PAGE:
Ilker Basbug, Turkey's former army chief, has gone on trial on charges of leading a terrorist group accused of plotting to overthrow the government of Recep Tayyip Erdogan, the prime minister.
Basbug raised a clenched fist and waved to supporters as the trial opened at the Silivri high security prison complex in Istanbul on Monday.
Basbug, chief of staff from 2008 to 2010, is accused of being a leader of a shadowy network dubbed "Ergenekon", behind a string of alleged plots against the Erdogan government.
His lawyer, however, said at the weekend, the case targeted not only Basbug but also "the Turkish armed forces and even, in political terms, the state".
The trial encroaches on sensitive territory in a country that saw three coups in the second half of the 20th centrury.
The military has viewed Erdogan, a man with roots in political Islam, and his AK Party with deep suspicion since it was first elected in 2002.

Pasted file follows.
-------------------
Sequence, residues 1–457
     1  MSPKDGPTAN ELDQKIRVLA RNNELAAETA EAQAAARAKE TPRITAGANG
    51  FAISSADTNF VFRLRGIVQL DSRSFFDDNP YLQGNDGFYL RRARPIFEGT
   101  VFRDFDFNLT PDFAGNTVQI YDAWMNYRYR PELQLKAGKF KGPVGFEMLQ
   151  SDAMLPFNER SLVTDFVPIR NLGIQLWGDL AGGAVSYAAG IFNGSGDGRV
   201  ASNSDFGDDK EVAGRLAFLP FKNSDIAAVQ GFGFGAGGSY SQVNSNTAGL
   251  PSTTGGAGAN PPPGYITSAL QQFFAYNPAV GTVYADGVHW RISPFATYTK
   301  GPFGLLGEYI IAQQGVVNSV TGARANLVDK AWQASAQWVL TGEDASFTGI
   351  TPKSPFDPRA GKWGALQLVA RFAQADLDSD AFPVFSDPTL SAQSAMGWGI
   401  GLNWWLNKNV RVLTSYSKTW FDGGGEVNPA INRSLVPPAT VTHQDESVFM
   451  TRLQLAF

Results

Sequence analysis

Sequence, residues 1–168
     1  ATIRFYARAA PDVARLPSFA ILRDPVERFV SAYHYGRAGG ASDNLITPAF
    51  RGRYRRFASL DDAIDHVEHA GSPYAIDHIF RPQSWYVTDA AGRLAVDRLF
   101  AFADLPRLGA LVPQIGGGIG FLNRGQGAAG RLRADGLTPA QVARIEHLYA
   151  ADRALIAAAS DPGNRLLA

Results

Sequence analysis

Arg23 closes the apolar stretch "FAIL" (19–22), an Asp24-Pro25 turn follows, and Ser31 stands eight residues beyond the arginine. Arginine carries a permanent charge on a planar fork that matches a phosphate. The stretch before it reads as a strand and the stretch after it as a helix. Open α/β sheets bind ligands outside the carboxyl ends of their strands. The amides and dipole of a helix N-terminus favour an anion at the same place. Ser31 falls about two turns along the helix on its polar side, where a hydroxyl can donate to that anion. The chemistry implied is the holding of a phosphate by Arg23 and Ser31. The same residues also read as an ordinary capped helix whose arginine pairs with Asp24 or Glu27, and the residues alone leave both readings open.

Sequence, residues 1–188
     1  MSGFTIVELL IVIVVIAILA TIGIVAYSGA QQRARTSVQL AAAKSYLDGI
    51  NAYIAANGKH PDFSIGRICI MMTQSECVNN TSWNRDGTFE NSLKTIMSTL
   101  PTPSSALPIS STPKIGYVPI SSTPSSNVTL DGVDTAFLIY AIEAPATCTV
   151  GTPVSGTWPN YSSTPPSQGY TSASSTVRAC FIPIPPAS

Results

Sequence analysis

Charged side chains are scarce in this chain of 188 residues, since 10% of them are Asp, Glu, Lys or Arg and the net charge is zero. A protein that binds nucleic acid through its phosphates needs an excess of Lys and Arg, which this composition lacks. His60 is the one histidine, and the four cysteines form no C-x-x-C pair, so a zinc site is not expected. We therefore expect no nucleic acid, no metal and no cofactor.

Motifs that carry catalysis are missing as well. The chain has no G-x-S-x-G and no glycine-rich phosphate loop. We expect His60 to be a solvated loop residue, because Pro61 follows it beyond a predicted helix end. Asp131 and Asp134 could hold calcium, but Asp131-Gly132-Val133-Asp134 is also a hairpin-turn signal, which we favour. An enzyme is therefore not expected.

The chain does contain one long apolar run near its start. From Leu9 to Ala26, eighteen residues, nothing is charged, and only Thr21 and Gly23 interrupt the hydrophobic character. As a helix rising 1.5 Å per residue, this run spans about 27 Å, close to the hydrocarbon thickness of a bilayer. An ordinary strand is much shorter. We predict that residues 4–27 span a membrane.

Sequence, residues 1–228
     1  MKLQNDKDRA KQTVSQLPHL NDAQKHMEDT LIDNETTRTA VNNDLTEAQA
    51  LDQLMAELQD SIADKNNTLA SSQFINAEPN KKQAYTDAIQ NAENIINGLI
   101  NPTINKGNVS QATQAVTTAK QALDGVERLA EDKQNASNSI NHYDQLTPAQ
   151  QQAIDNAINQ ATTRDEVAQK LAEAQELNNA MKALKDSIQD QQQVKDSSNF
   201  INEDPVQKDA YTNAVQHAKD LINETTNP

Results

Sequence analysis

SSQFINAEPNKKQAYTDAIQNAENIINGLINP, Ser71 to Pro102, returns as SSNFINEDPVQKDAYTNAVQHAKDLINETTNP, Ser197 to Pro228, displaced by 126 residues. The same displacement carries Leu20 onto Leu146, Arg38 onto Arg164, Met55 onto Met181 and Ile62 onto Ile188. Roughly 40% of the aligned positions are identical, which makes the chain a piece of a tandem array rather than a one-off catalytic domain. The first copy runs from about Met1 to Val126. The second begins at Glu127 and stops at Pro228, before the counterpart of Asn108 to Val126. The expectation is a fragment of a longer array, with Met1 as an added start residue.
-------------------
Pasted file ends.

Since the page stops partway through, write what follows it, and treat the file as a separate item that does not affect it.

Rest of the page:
Since then the AKP has built up a huge majority in parliament, reformed the judiciary and used its authority, bolstered by economic success, to strip the military of the power it has enjoyed to make or break governments.
Dressed in a dark suit and tie, Basbug was the first of 29 defendants to confirm his identity to the bench of three judges on Monday. His answers to judges were to the point.
He waved to several co-defendants who called out to their former chief, and raised a clenched fist as a sign of solidarity with one old colleague also on trial.
The case against him features websites allegedly set up by the military to spread "black propaganda" against the government until 2008.
Basbug is the most senior officer among hundreds of secularists facing conspiracy and terrorism charges.
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|Allen L. Jasson|
|William John Cox|